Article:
This composition of the Kurdish ethnie was reflected in the membership of the first Kurdish nationalist associations in Istanbul. These were mostly educated members of the tribal or religious elite, and overwhelmingly Sunnis. We find speakers of the northern and southern Kurdish dialects as well as a few Zazas among them, very few Alevis and no Yezidis. Not surprisingly, there were no members of peasant or urban craftsman backgrounds, and in the Kurdish rebellions of the 1920s and 1930s these social strata remained aloof. 

It was a thin stratum of educated Kurds who took it upon themselves at first to 'educate the Kurds' (the most common term used in Kurdish print media from 1898 to 1918) and later to 'awaken' the Kurdish nation (an expression that regularly occurs in the journal Jîn, which appeared in 1918-1919 and in the memoirs of the activists of those years). 

The first Kurdish journal, Kurdistan, published initially in Cairo in 1898, emphasized its educational mission. Each issue contained articles on contemporary world politics, of which the editor wished the Kurds to be more aware. There were frequent injunctions to read and study more, and repeated appeals to Kurdish chieftains to make efforts towards the education of their subjects — an indication perhaps that not only the tribal elite but also subjected peasantry are included in its idea of the Kurds as a people. The journal otherwise still represents an unreflective traditional conception of Kurdishness, quoting freely from Ahmad-i Khani and writing with nostalgia of the Kurdish emirates of the past. 

In Jîn we find more conscious efforts to 'construct' Kurdish ethnic or national identity, and efforts to go beyond the accepted view. Khalil Khayali asks, perhaps in response to Ziya Gökalp's contempt of the şehrî, "Are the (Turkish-speaking) townspeople of Kurdistan Kurds?", and gives an affirmative answer. To do this, he has to ask what it is that makes a person Kurdish or Turkish; in the case of these townspeople, it is their assumed relationship with the unambiguously Kurdish people from the surrounding countryside. Memduh Selim (who later was to play an active role in the Ararat rebellion) in several articles deliberately attempts to create 'national' symbols, and calls upon the Kurds to respect their 'national holidays'. (It was to take several decades before the Kurds 'rediscovered' Newroz as their chief national holiday — and a few decades more before pan-Turk nationalists 'rediscovered' that it was really the commemoration of their ancestors' escape from Ergenekon.) Abdülaziz Yamülkizade writes that with the coming of Islam and the Shi`i-Sunni scission, the Kurds became divided, and is one of the first to state implicitly that the Alevi Kurds are just as Kurdish as the Sunnis.[1] (It has only been a part of the Alevis who allowed themselves to be convinced, and the Alevi identity is to this day a major rival to Kurdish ethnic identity.) 

The Turks and their virtual absence from Kurdish nationalist discourse 

It is perhaps surprising that the Turks have never been the ‘Other’ in opposition to whom the Kurds defined their own identities — at least not the Turks as an ethnic group. Throughout the 20th century, Kurdish nationalism has not placed Kurds against their Turkish neighbours (as it has at times opposed them to Armenians). It was state policies and state discourse, including the official view that in Turkey everyone is a Turk, against which Kurdish nationalism reacted in the first place.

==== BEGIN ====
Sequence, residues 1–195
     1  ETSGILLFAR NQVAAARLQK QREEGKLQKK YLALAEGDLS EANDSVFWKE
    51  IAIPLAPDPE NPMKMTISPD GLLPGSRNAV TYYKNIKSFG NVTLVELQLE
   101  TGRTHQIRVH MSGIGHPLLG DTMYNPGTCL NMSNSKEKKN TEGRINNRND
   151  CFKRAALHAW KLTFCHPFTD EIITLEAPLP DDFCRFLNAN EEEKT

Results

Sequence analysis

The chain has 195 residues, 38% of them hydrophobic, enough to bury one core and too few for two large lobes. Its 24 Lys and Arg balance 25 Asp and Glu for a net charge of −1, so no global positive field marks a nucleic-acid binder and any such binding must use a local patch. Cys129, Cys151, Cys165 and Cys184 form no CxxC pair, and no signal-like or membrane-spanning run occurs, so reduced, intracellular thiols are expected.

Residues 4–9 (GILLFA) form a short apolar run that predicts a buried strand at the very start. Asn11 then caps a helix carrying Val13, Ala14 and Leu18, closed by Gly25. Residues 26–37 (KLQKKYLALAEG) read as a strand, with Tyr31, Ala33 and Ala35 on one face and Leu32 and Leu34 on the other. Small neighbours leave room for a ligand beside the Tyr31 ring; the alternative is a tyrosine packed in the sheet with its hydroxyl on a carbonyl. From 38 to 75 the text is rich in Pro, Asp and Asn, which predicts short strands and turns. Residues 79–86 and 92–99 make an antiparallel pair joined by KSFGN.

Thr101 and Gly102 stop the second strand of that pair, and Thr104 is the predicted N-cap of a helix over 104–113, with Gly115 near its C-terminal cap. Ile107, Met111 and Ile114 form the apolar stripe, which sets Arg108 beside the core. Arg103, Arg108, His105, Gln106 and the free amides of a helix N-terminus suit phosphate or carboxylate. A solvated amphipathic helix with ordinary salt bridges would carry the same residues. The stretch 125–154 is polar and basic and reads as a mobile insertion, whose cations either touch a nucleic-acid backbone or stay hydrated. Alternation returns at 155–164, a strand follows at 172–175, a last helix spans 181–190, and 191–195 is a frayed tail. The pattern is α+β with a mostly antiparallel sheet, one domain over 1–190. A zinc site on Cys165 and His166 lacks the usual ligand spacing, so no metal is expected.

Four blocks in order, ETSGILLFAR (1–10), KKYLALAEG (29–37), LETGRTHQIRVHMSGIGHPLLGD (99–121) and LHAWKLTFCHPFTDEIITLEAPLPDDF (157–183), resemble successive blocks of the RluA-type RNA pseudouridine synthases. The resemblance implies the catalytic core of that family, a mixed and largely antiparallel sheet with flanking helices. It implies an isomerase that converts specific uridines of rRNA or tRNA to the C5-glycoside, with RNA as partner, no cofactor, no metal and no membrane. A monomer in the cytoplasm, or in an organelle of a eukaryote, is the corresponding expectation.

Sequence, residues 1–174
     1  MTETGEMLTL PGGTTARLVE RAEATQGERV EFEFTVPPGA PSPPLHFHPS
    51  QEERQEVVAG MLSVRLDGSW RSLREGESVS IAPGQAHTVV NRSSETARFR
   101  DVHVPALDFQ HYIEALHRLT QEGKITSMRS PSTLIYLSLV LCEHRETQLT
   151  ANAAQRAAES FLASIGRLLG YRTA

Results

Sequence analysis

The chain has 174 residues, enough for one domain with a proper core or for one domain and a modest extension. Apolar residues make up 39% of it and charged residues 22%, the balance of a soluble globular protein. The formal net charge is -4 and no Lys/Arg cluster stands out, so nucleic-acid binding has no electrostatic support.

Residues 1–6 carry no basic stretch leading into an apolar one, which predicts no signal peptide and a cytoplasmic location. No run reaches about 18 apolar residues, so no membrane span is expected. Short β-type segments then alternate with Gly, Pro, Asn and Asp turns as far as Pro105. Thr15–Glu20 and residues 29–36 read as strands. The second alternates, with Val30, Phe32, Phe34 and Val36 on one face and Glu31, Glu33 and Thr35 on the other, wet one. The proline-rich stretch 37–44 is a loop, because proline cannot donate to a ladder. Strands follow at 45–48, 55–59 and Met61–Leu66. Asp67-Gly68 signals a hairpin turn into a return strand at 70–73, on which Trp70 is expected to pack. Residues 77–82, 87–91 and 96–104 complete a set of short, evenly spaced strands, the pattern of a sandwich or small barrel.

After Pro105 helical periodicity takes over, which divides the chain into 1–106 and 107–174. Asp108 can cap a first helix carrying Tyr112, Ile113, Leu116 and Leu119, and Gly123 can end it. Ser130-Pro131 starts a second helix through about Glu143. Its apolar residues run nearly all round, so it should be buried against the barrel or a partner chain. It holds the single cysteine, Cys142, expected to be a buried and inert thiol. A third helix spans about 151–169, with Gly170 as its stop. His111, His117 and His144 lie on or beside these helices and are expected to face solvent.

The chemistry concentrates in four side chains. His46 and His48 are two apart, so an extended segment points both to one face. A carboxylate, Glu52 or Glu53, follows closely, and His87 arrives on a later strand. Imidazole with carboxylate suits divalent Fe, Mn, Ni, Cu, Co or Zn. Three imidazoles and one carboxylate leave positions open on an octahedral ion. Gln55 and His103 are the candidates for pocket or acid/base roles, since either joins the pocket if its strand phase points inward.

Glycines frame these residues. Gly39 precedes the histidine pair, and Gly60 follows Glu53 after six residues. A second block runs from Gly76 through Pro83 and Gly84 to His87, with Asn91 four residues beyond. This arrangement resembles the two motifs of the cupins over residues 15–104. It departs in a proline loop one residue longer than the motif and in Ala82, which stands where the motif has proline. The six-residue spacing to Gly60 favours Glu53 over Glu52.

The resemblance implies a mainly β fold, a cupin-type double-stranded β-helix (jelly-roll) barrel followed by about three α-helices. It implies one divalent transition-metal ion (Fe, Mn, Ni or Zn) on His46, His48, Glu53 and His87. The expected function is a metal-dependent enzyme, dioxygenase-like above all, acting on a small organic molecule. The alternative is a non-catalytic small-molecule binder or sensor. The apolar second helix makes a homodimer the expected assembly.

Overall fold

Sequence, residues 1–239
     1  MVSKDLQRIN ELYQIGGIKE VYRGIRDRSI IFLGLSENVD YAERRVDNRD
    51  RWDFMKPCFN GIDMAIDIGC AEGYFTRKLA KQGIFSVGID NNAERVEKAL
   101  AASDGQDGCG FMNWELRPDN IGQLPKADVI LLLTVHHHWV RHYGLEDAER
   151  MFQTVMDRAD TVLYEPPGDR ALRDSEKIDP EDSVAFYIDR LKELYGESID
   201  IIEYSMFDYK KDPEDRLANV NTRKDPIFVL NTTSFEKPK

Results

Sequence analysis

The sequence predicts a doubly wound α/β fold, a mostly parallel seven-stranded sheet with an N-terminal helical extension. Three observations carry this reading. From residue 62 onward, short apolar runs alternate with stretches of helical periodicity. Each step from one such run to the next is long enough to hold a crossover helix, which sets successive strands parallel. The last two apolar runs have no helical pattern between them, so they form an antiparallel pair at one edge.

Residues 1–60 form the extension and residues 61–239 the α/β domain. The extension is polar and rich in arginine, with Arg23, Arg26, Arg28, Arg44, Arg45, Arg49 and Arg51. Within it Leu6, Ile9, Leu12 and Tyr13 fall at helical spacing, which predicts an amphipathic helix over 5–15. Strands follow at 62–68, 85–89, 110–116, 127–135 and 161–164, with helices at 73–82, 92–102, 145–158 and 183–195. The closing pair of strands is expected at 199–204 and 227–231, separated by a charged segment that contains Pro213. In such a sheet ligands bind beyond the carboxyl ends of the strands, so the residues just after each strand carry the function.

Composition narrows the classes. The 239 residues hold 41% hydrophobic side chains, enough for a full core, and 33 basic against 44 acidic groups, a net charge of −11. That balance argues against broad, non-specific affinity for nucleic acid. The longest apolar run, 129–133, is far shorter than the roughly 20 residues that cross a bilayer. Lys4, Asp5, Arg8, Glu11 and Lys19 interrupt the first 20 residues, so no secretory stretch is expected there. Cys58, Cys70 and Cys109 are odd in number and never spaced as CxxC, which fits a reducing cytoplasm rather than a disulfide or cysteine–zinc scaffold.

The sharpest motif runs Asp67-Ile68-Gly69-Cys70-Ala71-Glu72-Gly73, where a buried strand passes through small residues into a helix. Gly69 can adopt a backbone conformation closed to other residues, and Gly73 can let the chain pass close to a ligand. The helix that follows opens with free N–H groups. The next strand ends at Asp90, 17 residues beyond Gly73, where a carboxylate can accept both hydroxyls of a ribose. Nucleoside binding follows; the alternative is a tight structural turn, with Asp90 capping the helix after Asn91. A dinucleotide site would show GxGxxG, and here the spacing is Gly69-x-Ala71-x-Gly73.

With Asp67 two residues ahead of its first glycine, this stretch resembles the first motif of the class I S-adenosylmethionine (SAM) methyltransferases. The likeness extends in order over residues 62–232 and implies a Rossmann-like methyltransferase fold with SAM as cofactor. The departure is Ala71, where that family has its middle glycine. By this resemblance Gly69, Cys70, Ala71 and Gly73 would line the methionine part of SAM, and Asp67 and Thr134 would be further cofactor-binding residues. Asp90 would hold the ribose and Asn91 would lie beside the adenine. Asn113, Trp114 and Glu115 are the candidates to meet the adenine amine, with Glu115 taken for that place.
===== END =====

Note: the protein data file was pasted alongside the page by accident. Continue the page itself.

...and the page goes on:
In Kurdish, there are two terms that can be translated as ‘Turkish’: Tirk is the ethnic Turkish villager or tribesman, Rom represents the state — Byzantine, Ottoman or Republican Turkish. Tirk could be a neighbour, and it is relatively rare to find instances where a sharp opposition of Tirk and Kurd is made; Rom was the quintessential alien, who implicitly defined Kurdishness by contrast. Well into the second half of the 20th century, Kurdish shepherds would shout to each other “Rom hat!”, “the Rom are coming”, when they saw Turkish soldiers approaching. ‘Romê reş’, ‘the black Rom’, has remained a common expression by which villagers refer to the state in its most oppressive aspects — black probably referring to the colour of late Ottoman military uniforms as well as carrying other negative symbolic associations. 

It was not ethnic Turks but the state in its nation-building phase against whom the Kurds defensively constructed their ethno-national identity. As long as the Kemalist movement was one of Muslims against non-Muslim enemies and the leadership spoke of Turkish-Kurdish brotherhood, it could mobilize many more Kurds for the common goal than the small circle of Kurdish nationalists could on behalf of separate Kurdish interests. The substitution of Turkish nationalism for Islam as the (would-be) uniting factor ended what had appeared to many Kurds as a natural alliance, and even this took some time to take effect. 

Leading circles in the Republic deliberately confounded civic and ethnic definitions of the Turkish nation: every citizen of Turkey, irrespective of his or her ethnic background, was declared to be a Turk, but soon all were told that they were in fact the descendants of Turkish tribesmen that had come from Central Asia. By the 1950s, the official claim that the Kurds, Laz and Circassians were also ethnically Turkish found belief among many citizens, including members of these groups. The new Kurdish movement that gradually emerged from the 1960s onwards had to dissociate itself from this definition of Turkishness and to that extent was anti-Turkish. In the 1960s and 1970s, Kurdish nationalists blamed the national oppression of the Kurds on the Turkish ruling classes, whom they declared colonial oppressors. These ‘Turkish ruling classes’ were in their view not necessarily ethnically Turkish but were the contemporary equivalent of the Ottoman ruling elite. Since the late 1980s I have frequently heard Kurdish nationalists explicitly exonerate the average ethnically Turkish citizen from accusations of national oppression.